With social media being one of the most important client outreach channels (even a sales funnel), the role of a social media expert becomes greater than ever. This means that the field of social media marketing and social media management tends to be quite competitive. Whether or not you get hired for the job depends on your own social media proposal – what you bring to the table in this exchange.
While social media proposals may sound like a real contract, this is usually not so. It is merely your proposition, your initial offer that the client may subsequently base their contract on. Remember, what’s promised here will have to be delivered upon, which is why you need to balance between what is tempting and what’s realistic.
Social media proposals are usually used as part of the sales process. This should allow you to format the proposition and make some huge decisions regarding its essence. You should also keep in mind that it’s not there to persuade someone who never had the intention of hiring you. It is only there to give a potential customer a nudge in the right direction.
With all of this in mind and without further ado, here’s how you can write a successful social media proposal.
Do the Research on Your Clients?
The content of the proposal is the main determiner when it comes to its success. People are interested in what you can do for them, not the other way around? Naturally, this means that the first step in making the right social media proposal lies in offering something they want. In order to figure out what this is, you need to try and figure out what their social media goals are.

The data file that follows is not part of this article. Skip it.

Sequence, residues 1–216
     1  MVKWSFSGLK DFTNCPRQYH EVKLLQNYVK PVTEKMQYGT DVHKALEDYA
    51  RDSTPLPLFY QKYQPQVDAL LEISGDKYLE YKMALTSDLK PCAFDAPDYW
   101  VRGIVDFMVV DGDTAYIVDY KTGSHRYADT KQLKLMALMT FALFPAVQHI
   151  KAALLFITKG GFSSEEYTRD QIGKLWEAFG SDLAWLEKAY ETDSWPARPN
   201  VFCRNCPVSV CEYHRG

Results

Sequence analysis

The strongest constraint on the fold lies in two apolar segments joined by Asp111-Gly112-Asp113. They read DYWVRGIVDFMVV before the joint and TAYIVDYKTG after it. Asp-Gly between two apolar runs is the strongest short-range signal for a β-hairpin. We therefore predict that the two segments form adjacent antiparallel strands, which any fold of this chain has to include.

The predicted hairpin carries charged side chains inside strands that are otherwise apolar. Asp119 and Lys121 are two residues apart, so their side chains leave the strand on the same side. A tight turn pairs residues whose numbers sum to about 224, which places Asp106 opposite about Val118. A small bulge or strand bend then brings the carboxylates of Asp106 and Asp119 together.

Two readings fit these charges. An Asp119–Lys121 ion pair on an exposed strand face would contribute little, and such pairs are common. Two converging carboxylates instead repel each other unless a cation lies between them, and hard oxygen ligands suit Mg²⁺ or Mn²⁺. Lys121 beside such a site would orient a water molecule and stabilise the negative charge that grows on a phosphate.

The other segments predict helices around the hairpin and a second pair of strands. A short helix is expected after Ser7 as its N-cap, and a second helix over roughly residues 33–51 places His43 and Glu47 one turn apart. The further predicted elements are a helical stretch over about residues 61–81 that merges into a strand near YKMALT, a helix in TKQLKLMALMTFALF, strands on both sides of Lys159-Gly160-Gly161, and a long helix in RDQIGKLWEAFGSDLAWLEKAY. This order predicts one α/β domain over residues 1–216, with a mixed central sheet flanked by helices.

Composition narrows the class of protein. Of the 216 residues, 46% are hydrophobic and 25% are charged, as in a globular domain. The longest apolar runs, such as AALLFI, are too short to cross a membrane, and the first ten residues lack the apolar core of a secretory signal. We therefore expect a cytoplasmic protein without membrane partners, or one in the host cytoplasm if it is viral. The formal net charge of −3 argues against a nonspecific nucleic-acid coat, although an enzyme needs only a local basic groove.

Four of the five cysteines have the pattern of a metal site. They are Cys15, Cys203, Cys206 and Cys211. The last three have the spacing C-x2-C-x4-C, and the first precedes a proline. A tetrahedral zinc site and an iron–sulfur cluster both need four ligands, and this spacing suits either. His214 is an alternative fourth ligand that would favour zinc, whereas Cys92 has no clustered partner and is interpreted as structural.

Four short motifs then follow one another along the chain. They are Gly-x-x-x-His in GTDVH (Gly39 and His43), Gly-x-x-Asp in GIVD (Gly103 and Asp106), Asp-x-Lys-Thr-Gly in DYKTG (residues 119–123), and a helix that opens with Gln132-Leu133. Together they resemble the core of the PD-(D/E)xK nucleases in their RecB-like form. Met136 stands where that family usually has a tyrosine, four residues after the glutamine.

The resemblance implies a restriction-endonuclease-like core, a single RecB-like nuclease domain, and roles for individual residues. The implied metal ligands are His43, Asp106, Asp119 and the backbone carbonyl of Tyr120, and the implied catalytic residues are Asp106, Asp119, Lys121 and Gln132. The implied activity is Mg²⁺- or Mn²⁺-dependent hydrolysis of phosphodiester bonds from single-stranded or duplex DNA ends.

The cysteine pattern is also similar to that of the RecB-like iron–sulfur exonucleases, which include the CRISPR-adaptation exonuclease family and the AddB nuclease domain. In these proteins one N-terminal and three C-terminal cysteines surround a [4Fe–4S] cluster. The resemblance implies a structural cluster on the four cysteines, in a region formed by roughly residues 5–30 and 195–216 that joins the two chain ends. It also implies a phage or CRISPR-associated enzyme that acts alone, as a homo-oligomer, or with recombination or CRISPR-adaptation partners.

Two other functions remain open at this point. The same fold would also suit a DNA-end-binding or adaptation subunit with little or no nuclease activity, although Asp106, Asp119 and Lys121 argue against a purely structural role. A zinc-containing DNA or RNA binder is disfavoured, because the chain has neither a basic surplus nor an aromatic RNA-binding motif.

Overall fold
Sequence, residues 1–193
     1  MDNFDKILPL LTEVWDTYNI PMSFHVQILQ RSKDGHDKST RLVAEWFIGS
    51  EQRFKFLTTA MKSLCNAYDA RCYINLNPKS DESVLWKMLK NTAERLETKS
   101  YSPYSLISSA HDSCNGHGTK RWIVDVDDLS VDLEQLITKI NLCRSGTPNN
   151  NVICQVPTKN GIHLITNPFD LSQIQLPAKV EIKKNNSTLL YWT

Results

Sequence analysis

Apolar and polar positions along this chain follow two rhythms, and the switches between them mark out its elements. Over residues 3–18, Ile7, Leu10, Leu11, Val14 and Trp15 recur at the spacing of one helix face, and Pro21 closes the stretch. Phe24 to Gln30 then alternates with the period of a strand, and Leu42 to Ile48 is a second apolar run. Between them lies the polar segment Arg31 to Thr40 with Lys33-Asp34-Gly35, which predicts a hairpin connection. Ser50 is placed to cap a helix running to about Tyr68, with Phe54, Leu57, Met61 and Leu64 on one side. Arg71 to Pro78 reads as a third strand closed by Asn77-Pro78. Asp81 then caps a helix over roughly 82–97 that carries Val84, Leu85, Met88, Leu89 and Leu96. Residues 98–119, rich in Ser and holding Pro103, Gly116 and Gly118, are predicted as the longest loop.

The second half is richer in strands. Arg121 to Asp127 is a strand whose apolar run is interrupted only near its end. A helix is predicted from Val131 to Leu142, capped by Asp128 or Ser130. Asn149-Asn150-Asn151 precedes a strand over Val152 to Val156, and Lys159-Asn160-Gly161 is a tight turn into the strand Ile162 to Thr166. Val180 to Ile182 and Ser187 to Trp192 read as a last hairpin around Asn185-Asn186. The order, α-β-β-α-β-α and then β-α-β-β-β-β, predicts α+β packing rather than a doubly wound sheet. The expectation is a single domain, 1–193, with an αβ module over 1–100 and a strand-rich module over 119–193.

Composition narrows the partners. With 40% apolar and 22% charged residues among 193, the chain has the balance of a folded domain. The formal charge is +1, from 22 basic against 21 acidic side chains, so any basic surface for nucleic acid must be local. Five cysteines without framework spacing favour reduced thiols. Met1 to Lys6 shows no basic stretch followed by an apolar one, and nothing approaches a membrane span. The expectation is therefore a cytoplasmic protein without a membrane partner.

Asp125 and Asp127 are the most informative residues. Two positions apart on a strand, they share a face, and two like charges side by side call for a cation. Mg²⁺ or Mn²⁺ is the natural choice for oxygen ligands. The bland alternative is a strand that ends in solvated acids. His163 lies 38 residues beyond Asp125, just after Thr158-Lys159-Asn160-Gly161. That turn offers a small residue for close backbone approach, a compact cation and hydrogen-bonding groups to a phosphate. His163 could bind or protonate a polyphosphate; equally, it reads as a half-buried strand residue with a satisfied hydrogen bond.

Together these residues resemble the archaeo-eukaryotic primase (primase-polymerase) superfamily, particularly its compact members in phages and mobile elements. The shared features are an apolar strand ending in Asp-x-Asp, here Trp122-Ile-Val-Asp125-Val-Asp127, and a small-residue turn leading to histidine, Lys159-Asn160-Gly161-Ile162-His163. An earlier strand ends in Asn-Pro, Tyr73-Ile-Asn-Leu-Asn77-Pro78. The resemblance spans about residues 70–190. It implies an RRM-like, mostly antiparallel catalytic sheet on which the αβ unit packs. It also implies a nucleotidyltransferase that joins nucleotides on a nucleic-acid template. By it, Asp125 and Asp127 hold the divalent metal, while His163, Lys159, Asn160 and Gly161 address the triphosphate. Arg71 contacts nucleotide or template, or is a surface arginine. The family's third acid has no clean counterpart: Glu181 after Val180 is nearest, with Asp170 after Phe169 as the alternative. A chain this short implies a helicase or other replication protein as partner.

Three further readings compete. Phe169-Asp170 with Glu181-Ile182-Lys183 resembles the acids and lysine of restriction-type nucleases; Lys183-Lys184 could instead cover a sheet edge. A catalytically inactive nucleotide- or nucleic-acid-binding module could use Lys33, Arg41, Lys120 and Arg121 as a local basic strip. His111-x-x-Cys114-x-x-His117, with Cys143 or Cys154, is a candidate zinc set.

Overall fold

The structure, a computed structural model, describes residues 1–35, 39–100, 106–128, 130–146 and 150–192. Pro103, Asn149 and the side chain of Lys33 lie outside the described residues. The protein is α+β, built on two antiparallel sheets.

Your first step would be to visit their website and social media profiles to figure out their vision. From this, you can start understanding their social media goals. Once you set this, start examining your options to make them achieve these goals. The key thing is that you figure out how this will fit into their overall digital marketing strategy.
Another great point is for you to learn about their audience. After all, the audience is your field of work. Collecting data on their average audience will drastically affect your social media strategy later on. In other words, aside from just using this data to make a unique social media proposal, you will also need it for your work in the aftermath.
Just because your future client’s current social media strategy may be subpar, this doesn’t mean that you can’t get any information from it. Also, if they’re engaging in other forms of digital marketing (email marketing, SEO, etc.), make sure to study it as well. Why? Well, because even though the platform is not the same, the chances are that the audience and corporate goals are.
Finally, research their competitors to learn more about them and strategies they employ/success they’re achieving. This will help you see whether your offer is competitive to begin with.
The format of your proposal also makes a huge difference in its effectiveness. Everyone knows that video marketing tends to be one of the most effective forms there are. Why would social media proposals be any different?
Keep in mind that while text-based proposals may be quite effective, going for a superior format like PDF or video might provide you with a greater conversion rate. PDFs are not that hard to make, especially with specialized free tools like Canva. The effort you’ve invested will already make a positive impact, not to mention that images are processed 60,000 times faster than words in our brain.
Another old-school method that is quite effective is the PowerPoint presentation (PPT). First of all, since it takes your audience through the proposition step-by-step, it prolongs their patience by quite a while. This way, each slide has its own message, instead of just forcing them to go through a huge wall of text at once. Moreover, it also provides a lot of opportunities for the insertion of visual information.